Family Meals, All the Fun
Research findings show families like shared meal time. It is a time for conversation and laughter—just being together1. Of course, there are more benefits than family fun. Both children and adults in families who eat together are healthier2-3. Research also shows children who eat family meals are less likely to be overweight, because food eaten at family meals tends to healthier1-4. Also, children who eat family meals tend to make better grades in school4.
However, having family meals can be challenging. Schedules are often busy, especially as children get older and become involved in their own activities. Some children are picky eaters. Also, conflict can happen at the dinner table. Moreover, preparing a family meal can be quite a bit of work, especially since many of us may have already put in a full day of work outside the home.
ONIE has a few tips to help reduce the stress of family meals and still enjoy all the benefits.
#1. Don’t let perfect be the enemy of good.
This is an old saying, but it is true with family meals. Families benefit from having at least three meals together each week2. Of course, more frequent meals lead to the most benefits. The key is to set a “doable” goal. For example: “As a family we commit to having at least three meals together each week.”
#2. The more the merrier.
With different schedules, it may not be possible for every family member to make it to every meal, but the more family members who attend the better2. Being merry is important as well. Choose to make this time together special. The family meal is a great time to invite family members to talk about their day and for children to practice conversation and listening skills.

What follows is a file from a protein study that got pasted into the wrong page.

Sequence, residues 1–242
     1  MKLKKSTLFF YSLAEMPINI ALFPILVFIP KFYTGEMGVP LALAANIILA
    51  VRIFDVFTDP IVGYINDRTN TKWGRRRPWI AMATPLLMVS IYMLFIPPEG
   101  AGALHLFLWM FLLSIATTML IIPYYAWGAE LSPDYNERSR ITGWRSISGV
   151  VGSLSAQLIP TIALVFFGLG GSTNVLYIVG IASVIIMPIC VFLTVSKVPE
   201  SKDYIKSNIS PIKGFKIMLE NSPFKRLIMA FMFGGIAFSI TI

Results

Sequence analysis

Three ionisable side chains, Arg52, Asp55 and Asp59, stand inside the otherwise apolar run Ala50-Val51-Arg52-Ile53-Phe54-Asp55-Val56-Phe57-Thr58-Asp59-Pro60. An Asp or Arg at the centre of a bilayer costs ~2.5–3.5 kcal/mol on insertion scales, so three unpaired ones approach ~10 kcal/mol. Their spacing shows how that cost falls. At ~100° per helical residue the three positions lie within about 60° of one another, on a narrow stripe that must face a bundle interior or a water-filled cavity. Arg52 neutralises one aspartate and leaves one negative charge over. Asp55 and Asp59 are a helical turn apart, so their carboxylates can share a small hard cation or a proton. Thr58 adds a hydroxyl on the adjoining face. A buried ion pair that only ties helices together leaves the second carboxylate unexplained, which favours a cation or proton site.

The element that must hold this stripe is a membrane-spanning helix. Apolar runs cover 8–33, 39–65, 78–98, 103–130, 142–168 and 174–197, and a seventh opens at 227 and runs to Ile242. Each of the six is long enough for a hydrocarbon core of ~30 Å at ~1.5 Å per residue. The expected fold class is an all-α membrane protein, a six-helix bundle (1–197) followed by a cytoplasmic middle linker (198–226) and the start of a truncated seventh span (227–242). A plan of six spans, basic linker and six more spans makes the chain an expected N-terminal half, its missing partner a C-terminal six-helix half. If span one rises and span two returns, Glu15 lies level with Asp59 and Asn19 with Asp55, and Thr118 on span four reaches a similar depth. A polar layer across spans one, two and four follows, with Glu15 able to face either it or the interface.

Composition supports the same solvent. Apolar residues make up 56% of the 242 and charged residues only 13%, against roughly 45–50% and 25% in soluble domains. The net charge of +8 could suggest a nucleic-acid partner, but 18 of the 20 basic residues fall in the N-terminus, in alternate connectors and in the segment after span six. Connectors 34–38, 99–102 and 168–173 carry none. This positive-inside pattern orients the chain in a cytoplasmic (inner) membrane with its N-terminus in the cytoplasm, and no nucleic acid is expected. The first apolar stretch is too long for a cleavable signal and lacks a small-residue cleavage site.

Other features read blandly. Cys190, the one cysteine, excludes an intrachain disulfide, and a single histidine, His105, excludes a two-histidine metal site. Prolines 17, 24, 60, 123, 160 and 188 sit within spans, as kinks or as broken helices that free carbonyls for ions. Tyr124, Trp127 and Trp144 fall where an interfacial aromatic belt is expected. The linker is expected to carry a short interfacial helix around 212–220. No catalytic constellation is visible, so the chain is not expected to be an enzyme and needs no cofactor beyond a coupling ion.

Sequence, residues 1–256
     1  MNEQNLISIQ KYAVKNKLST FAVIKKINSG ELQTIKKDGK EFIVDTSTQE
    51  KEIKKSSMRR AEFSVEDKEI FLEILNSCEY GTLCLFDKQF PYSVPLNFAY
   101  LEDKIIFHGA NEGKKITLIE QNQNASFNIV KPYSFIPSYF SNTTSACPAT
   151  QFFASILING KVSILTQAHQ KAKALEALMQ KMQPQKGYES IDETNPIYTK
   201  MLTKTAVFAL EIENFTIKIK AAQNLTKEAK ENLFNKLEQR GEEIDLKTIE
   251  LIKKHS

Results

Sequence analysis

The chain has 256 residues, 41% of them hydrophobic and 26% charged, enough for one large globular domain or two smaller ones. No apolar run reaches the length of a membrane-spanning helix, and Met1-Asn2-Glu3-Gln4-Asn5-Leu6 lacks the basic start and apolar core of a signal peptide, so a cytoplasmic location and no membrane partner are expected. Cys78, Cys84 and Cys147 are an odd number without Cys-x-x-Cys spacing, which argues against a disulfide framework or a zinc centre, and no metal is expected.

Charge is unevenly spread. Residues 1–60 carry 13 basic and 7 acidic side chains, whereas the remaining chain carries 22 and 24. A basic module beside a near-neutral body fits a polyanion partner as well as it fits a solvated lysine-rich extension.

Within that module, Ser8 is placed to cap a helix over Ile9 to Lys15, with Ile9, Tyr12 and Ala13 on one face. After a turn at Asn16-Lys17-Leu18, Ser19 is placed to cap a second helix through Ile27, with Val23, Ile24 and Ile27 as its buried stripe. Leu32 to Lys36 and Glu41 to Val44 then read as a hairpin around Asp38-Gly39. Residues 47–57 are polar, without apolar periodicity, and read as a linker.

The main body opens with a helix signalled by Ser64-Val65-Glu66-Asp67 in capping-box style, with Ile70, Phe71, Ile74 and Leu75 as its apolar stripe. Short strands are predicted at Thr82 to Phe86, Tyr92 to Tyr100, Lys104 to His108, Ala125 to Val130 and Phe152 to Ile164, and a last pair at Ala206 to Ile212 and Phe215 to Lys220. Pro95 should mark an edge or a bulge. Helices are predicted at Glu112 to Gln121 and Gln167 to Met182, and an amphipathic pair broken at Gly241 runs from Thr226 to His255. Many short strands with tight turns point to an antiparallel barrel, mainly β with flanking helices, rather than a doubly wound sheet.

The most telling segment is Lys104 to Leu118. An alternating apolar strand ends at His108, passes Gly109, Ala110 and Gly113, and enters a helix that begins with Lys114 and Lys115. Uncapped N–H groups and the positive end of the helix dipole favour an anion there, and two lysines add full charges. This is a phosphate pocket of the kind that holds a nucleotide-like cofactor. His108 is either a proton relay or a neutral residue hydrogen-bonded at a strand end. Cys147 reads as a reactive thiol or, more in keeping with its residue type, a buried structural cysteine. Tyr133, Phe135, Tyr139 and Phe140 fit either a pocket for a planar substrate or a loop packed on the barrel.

#3. Those picky eaters.
Children are often picky eaters. Many are afraid to try new foods. Let your child pick a new vegetable to try at the grocery store. Children can be great helpers in the kitchen too. Once involved with selecting and cooking the food, many children are excited to try it.
#4. No take-out.
Get all the benefits of a family meal by preparing the food yourself. Ordering take-out can be expensive. Plus, many of these foods are loaded with salt. If you make the food, you will know what is in it.
#5. MAKE IT EASY ON THE COOK!
Everyone can pitch in, whether it be cleaning up or helping with cooking. It is the time together that is most important. Another tip is try recipes that do not require a lot of preparation and only use a few ingredients. For example frozen vegetables have already been washed, peeled, sliced, and chopped for you. It is easy to add them to your recipe. Also, ONIE also has many recipes that are budget friendly and only require a few ingredients. Click HERE to choose an easy recipe to prepare for dinner tonight!
For the ONIE team, there is no down side to more family meals. Have fun, make it easy to prepare meals, and enjoy good conversation.
The ONIE Team
- Cook, E. & Dunifon, R. (2012). Do family meals really make a difference? (Cornell University College of Human Ecology, Department of Policy Analysis and Management). Retrieved from http://www.human.cornell.edu/pam/outreach/upload/Family-Mealtimes-2.pdf
- Didericksen, K. W., & Berge, J. M. (2015). Modeling the relationship between family home environment factors and parental health. Families, Systems, & Health, 33(2), 126-136. doi: 10.1037/fsh0000115
- Fulkerson, J. A., Story, M., Neumark-Sztainer, D., & Rydell, S. (2008). Family meals: Perceptions of benefits and challenges among parents of 8- to 10-Year-old children. Journal of the American Dietetic Association, 108(4), 706-709. doi: http://dx.doi.org/10.1016/j.jada.2008.01.005
- Rovner, A. J., Mehta, S. N., Haynie, D. L., Robinson, E. M., Pound, H. J., Butler, D. A., . . . Nansel, T. R. (2010). Perceived benefits, barriers, and strategies of family meals amongchildren with Type 1 diabetes mellitus and their parents: Focus-group findings. Journal of the American Dietetic Association, 110(9), 1302-1306. doi: http://dx.doi.org/10.1016/j.jada.2010.06.010